The “Tag system” is an evolving bit of practise championed by Crooked House; it was core of All For One, and we used it as Allied Games for Wing and a Prayer. It’s part of character creation; we’ve used it when we aren’t writing characters, but there’s nothing to stop it being used by writers who are. A tag defines part of what a player wants from the game, and part of how their character is involved in the game. Your game might not have them – back in the day, I’d have used a list of skills in the system and my knowledge of what the event’s players were into for the same job. There’s no implication this is a closed list, or that PCs who aren’t tagged that way can’t get involved, or that the tags represent the only way of engaging with the plot. It’s used in the plot document to ensure that a plot line is worth including. A plot line defined by a tag that no-one has? Not worth the bother. Does a read through the evolving plot document alongside the tags you know your player base has show there gaps? You need plot lines that speak to those specific tags.

There’s more about tags here.

Output: a cloud of tags

If I get round to it, I’ll do this as a graphic. It’d start as a list of words.

Plot lines

Once I’ve got a list of moments and tags, I’m into plot lines. Some of these might be inherited from previous events in a series, many will be inspired by moments. They start sketchy. That’s fine, they’ll morph and change and at this point nothing is in stone. They’re usually in a Google Doc. with a template at the end of paste in to every new plot idea. This template first came from Tom Owen, and I used it first at Wing And A Prayer. It’s a useful checklist, I think. I’d love to say that no plot makes it into a game without careful consideration of all the items, but of course this is not an ideal world. 

Ideally, I’ll organise these evolving plot lines as notes on a Miro board at https://www.miro.com/, like a wall of digital postit notes. Each tagged with its applicable tags, and the moments that I’d like to see in the larp.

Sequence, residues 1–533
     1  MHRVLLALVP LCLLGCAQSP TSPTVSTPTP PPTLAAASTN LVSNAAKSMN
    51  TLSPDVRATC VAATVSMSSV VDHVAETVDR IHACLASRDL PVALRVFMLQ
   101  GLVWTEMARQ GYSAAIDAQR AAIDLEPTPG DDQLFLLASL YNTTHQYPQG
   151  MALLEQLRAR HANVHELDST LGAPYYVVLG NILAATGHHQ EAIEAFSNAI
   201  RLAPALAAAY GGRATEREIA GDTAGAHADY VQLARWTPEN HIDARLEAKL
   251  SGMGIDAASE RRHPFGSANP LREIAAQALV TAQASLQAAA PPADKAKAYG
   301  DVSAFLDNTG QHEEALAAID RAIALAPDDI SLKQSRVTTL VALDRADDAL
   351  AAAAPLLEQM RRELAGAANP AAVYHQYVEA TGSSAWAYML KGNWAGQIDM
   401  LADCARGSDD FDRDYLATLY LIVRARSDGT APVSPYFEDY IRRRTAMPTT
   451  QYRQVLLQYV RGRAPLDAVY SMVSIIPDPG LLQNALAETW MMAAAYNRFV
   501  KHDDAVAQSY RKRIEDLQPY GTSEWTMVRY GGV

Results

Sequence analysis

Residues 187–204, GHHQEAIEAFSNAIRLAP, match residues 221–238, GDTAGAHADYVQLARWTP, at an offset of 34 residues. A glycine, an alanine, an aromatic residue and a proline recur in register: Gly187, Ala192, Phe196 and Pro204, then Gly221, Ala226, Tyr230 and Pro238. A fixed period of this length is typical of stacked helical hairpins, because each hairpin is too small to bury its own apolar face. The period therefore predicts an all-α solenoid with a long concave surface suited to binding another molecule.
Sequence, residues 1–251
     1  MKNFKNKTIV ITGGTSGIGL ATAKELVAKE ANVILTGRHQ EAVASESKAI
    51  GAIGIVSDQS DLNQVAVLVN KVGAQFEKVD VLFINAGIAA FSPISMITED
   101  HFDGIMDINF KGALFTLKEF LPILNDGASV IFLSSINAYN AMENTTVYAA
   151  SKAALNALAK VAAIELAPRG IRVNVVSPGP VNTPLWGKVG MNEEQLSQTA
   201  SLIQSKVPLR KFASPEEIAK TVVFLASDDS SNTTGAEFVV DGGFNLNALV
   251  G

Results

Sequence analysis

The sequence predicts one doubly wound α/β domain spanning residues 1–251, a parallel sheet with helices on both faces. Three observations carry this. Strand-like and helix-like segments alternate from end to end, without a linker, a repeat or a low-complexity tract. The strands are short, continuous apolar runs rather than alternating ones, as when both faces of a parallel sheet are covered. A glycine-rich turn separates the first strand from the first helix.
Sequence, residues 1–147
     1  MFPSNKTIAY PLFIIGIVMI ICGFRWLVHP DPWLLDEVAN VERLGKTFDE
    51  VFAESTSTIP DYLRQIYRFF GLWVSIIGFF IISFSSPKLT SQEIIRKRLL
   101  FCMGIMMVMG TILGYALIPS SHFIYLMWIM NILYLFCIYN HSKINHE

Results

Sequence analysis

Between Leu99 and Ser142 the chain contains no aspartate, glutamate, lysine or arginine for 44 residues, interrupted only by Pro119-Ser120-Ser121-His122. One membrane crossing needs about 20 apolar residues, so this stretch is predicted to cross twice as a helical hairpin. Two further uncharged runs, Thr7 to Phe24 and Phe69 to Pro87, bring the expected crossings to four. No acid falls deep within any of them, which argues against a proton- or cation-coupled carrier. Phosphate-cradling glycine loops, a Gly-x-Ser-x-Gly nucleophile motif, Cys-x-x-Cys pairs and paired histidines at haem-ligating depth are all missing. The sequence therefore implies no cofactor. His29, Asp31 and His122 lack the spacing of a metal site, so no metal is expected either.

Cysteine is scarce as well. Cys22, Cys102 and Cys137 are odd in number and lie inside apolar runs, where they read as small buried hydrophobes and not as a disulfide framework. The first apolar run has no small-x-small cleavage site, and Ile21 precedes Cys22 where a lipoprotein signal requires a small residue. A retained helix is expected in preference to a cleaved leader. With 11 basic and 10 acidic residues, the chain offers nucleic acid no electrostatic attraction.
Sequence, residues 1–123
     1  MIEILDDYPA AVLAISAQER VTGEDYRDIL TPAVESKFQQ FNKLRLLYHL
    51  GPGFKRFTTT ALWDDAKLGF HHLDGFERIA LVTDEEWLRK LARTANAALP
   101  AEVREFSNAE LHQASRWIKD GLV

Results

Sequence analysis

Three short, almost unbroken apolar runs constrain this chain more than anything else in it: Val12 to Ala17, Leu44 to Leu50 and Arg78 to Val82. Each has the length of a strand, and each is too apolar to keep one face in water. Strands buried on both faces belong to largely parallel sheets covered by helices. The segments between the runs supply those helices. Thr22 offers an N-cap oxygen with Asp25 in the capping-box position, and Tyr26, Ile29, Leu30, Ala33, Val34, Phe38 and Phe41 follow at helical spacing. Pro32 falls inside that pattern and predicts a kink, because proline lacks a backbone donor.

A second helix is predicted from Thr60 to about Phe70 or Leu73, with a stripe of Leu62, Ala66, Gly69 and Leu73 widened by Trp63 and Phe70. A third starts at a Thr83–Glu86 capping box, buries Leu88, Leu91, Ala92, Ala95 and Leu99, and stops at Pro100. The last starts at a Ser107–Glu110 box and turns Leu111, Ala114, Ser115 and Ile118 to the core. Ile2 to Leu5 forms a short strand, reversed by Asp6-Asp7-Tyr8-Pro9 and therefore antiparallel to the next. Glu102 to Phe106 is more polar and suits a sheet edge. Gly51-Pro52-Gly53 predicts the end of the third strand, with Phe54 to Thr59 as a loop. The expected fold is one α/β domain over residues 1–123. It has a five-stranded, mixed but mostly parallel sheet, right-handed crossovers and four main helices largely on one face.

“A plot line template”

Overview

Some scratch notes, referencing items from the moment list, maybe justifying the plot line’s inclusion, and useful to remind us how we were thinking when we added it. 

Tags

What tags is the plot line is “for”? Essentially; does it look clear that someone will be interested, but it’s also handy to check for gaps later. If there’s a popular tag with no plotlines, you need to get back to plotting.

Conflict

What’s the conflict here? No conflict, no drama. If there’s no drama, then look hard at the plot line to justify it. If it’s a moment you really want in, that does impact this decision. Maybe the message there is that the moment is right, but this plotline isn’t good enough. In some games the conflict will between player characters, or groups of similarly tagged PCs, in others between PCs and NPCs.

Delivery mechanism

How does this plot get into play? What’s the hook? I might have called this “seeding” once upon a time. Is it part of an NPCs brief? Then add it to a pre-existing NPC, or create a new NPC role to do just this. You can name them later. Is a letter sent in?  If so, you need to add that letter to the props section too.

Stakes

What are the consequences? What are the results of the plotline? What, to use old UK jargon, is the “benny and slap”, the benefit and disadvantage to the character of engaging with the plotline?

Schedule

What encounters does this plot line require? Are there any timing issues, or can this plotline be placed anywhere on the event timetable? Does it have to happen before or after some other plotline? Would it be usefully seeded at a particular time where some or all of the PCs are in one place or another? Should it happen when a specific NPC is *not* somewhere?

Props

Nice and simple; just a list of what’s needed for this plot to fly, so nothing gets forgotten. Printable props end up in documents linked from here. Sometimes, this ends up as a requirement a larp can neither afford or obtain in time and then you bid the plot line a fond farewell and move on to something else. Sometimes, a high-fidelity foam replica of the Iron Mask arrives in the post, or you get sent an image of two identical copies of the famous painting of the Fallen Madonna With The Big Melons and you realise you absolutely have to have a good plot line written for them. Those are moments of deep joy. 

Output: a list of plot lines

Eg: “You shot my bomber!”